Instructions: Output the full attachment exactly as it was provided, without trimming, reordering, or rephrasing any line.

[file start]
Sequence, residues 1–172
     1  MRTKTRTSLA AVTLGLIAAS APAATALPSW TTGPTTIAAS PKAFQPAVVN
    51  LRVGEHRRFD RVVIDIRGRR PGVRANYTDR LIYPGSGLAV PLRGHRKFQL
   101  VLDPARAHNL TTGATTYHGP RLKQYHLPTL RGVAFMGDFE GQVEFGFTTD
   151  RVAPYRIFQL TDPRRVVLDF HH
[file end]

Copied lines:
Sequence, residues 1–172
     1  MRTKTRTSLA AVTLGLIAAS APAATALPSW TTGPTTIAAS PKAFQPAVVN
    51  LRVGEHRRFD RVVIDIRGRR PGVRANYTDR LIYPGSGLAV PLRGHRKFQL
   101  VLDPARAHNL TTGATTYHGP RLKQYHLPTL RGVAFMGDFE GQVEFGFTTD
   151  RVAPYRIFQL TDPRRVVLDF HH